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Escaler v. United States Citizenship and Immigration Services

September 11, 2009



Appeal from an order by the United States District Court for the Southern District of New York (Barbara S. Jones, Judge) granting the United States Citizenship and Immigration Services' ("CIS") motion to dismiss. After his application for citizenship was approved, appellant failed to take the oath of allegiance in the familiar public ceremony, and left the United States for more than a year. The CIS found that this absence violated the requirement of continuous residence between the initiation of a naturalization application and the completion of naturalization. Appellant now seeks an order compelling CIS either to issue him a Certificate of Naturalization or to reopen his application nunc pro tunc to the time between the application's approval and his leaving the United States. We hold that appellant's failure to exhaust his administrative remedies prevents the federal courts from reviewing appellant's case. We therefore affirm.

The opinion of the court was delivered by: Winter, Circuit Judge

Argued: March 9, 2009

Before: WINTER and SACK, Circuit Judges, and COGAN, District Judge.*fn2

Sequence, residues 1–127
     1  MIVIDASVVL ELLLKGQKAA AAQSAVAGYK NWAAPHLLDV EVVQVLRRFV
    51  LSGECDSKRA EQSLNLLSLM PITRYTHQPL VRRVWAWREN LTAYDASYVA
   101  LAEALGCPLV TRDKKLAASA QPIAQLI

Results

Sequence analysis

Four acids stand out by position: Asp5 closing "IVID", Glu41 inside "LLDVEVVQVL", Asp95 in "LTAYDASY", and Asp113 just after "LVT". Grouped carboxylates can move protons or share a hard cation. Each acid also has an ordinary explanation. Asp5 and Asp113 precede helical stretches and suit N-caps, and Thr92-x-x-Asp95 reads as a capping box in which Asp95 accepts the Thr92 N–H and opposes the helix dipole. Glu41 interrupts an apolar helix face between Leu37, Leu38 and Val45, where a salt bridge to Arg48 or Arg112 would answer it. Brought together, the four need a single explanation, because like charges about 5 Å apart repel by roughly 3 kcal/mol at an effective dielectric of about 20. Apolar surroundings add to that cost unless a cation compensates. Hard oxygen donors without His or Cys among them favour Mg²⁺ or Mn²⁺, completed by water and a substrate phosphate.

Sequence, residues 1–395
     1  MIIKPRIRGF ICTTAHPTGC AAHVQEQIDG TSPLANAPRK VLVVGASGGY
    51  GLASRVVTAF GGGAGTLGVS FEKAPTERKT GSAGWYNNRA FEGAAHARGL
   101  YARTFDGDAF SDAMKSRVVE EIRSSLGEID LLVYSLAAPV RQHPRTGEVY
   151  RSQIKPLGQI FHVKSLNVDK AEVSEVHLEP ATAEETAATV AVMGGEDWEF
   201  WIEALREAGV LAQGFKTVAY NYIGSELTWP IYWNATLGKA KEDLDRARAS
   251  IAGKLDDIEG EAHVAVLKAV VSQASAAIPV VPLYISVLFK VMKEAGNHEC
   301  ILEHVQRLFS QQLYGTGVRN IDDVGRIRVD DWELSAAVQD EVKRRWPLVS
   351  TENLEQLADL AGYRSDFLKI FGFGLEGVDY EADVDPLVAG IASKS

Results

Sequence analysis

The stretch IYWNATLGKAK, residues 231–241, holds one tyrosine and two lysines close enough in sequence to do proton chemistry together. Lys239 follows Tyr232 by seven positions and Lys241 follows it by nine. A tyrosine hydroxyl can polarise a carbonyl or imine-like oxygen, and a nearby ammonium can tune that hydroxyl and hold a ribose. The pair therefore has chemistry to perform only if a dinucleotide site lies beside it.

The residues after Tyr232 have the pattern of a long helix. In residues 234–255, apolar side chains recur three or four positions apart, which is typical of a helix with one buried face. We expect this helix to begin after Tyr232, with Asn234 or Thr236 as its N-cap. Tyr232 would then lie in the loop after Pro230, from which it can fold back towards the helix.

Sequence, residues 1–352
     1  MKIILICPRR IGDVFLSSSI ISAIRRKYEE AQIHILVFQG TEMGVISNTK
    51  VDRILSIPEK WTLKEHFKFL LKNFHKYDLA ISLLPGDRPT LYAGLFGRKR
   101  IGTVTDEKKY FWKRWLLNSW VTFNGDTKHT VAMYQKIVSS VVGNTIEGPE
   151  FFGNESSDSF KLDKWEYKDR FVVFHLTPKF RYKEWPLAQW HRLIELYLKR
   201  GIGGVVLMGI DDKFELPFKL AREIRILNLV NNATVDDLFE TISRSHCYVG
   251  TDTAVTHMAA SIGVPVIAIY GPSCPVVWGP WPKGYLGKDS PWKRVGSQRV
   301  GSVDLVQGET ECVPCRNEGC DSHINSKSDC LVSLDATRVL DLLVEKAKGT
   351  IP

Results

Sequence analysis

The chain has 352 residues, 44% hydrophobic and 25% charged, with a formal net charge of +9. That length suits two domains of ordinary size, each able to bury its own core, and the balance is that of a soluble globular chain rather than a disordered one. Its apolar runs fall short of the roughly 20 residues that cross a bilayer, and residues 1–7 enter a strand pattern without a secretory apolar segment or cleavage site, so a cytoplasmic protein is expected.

Jaime Borromeo Escaler brought the present action seeking an order compelling the United States Citizenship and Immigration Services ("CIS") either to issue him a certificate of naturalization or to reopen his naturalization application nunc pro tunc to 1993. The CIS takes the position that appellant failed to take the required oath of allegiance in a public ceremony before leaving the United States for a period of time that rendered him out of compliance with the temporal naturalization requirements of residence and presence in the United States. Judge Jones denied appellant's motion for summary judgment and dismissed his action for lack of subject-matter jurisdiction. We affirm on the ground that appellant failed to exhaust his administrative remedies, and, therefore we cannot reach the merits.


Appellant was born in the Philippines in 1970. His mother is a United States citizen who had lived briefly in the United States as a child. In 1972, appellant moved to Hong Kong, where he lived until 1987, when he came to the United States and attended an American prep school. In March 1993, appellant applied to the Immigration and Naturalization Service ("INS") for naturalization as a United States citizen.

Becoming a naturalized U.S. citizen involves the completion of several steps: (i) maintaining five years' lawful permanent residence, physical presence in the United States for at least half of that time, and continuous residence from the date of application until admission to citizenship, 8 U.S.C. § 1427(a), 8 C.F.R. § 316.2(a); (ii) submitting an application, 8 U.S.C. § 1445(a), 8 C.F.R. § 316.4(a); (iii) passing a background check, 8 U.S.C. § 1446(a), 8 C.F.R. §§ 316.10, 335.1; (iv) passing a test of English proficiency and of knowledge of U.S. history and government, 8 U.S.C. § 1423(a), 8 C.F.R. §§ 312.1, 312.2; (v) being examined under oath by an immigration official, 8 U.S.C. § 1446(b), 8 C.F.R. §§ 316.14, 335.2; and (vi) taking an oath of allegiance to the United States "in a public ceremony," 8 U.S.C. § 1448(a); 8 C.F.R. § 337.1.